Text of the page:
Mid Wales MP wants 19th Century child neglect law changes
A mid Wales MP is bidding to change child neglect laws that date back to the 19th Century, which he claims are now "nonsense".
Ceredigion MP Mark Williams wants criminal legislation based on 1868 poor laws to be updated to include emotional and psychological abuse.
The original law - last changed in 1933, only refers to "wilful" physical abuse.
The Liberal Democrat MP is bringing forward a private bill in July.
The MP said he has heard harrowing evidence of how emotional abuse can affect children - yet it remains lawful.
"Like the boy who was refused any form of affection, persistently criticised and told he was hated," said Mr Williams.
"He regularly wet his bed and it was left, uncleaned, until maggots were found in the mattress.
"This isn't considered a crime in the UK today. This has to change."
The original law was introduced as part of the Poor Law Amendment Act of 1868, and then incorporated into the Children and Young Persons Act 1933.
It was brought into force following a series of cases involving a religious sect known as the Peculiar People, who refused to offer medical assistance to their children, instead relying on the power of prayer to heal.
'Antiquated' legal language
But the charity Action for Children, which is backing Mr Williams bid, said the criminal legislation is completely outdated.
It cites differences between modern civil legislation and the older criminal laws using different definitions of neglect, and that in the criminal law, only physical abuse is recognised.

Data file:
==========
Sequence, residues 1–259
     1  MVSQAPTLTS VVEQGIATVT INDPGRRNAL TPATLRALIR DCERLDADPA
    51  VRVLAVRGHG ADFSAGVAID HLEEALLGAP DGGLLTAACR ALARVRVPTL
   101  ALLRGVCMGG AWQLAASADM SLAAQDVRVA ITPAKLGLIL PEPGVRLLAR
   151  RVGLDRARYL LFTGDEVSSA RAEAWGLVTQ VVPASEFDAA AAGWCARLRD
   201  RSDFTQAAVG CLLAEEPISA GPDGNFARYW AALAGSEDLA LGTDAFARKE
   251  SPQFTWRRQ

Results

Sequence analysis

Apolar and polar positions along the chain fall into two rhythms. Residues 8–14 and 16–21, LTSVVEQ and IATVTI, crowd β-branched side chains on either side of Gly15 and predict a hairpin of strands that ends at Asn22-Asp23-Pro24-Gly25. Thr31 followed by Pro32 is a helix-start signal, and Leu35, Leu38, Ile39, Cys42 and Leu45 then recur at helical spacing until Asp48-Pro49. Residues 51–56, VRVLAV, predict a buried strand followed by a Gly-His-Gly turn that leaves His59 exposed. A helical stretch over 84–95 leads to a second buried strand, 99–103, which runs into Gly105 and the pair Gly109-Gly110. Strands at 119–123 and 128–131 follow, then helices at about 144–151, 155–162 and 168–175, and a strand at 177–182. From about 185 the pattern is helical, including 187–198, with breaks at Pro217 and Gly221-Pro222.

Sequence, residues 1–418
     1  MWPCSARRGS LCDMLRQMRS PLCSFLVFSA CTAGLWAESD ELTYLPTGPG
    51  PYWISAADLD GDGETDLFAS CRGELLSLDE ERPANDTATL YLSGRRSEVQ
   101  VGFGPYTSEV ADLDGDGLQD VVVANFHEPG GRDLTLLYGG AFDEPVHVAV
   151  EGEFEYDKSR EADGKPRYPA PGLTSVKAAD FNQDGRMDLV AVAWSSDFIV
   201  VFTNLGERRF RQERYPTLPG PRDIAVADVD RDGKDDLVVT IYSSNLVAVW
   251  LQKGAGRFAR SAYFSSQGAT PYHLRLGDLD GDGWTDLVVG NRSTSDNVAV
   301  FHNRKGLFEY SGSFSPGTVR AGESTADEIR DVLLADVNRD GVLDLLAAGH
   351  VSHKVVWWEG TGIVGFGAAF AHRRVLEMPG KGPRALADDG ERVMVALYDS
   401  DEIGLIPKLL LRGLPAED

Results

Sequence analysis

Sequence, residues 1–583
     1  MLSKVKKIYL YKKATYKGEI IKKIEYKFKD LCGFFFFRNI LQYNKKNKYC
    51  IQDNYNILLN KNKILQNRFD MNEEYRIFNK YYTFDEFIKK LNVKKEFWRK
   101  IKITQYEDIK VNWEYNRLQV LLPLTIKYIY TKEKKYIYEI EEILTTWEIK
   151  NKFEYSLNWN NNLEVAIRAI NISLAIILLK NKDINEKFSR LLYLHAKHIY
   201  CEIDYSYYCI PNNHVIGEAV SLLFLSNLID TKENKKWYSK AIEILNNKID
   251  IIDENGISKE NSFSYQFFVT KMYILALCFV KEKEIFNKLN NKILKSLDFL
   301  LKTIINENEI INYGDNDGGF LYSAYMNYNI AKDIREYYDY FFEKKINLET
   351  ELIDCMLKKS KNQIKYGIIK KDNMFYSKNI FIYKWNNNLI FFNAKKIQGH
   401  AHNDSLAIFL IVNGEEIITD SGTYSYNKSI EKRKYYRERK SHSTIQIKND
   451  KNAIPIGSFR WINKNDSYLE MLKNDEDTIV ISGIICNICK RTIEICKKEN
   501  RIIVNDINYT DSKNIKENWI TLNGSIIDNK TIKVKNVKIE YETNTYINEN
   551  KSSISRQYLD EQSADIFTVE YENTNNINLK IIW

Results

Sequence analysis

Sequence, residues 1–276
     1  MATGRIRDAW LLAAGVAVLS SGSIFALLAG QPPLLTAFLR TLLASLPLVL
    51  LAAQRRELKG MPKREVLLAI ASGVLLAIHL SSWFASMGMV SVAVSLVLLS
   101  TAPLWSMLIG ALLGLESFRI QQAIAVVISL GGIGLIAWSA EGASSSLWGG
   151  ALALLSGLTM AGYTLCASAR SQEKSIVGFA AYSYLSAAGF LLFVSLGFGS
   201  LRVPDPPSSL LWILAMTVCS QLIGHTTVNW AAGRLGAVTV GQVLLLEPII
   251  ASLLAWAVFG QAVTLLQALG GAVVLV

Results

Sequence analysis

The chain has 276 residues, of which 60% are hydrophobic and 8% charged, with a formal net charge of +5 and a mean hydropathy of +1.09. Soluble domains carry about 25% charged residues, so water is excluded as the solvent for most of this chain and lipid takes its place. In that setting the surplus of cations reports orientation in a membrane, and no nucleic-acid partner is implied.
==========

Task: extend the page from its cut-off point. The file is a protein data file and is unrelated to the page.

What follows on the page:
"The criminal law on child neglect is only appropriate for use in the most severe cases of child neglect, where all efforts have been made to help parents and carers make changes and to keep families together," argued Matthew Downie from Action for Children.
"Sadly however, we know that in a small number of cases there are parents who intend to harm their children - and the current law fails to protect children from the full range of that harm."
The MP's private member's bill will get its first reading in the House of Commons on 12 July.
But because it is a bill brought forward by a backbench MP, it must win government support to get further time to be debated - and stand a chance of actually becoming law.
"I've got a good cross-party support of backbench MPs from all four of Wales' parties, but we do need government support on this," Mr Williams told BBC Radio Wales' Sunday Supplement programme.
"I would urge the government to not get to bound in the red-tape of bureaucracy of government which often hampers it, but to look at the real cases on the ground and the concerns that social workers and the police have been making, and at least give us a good hearing."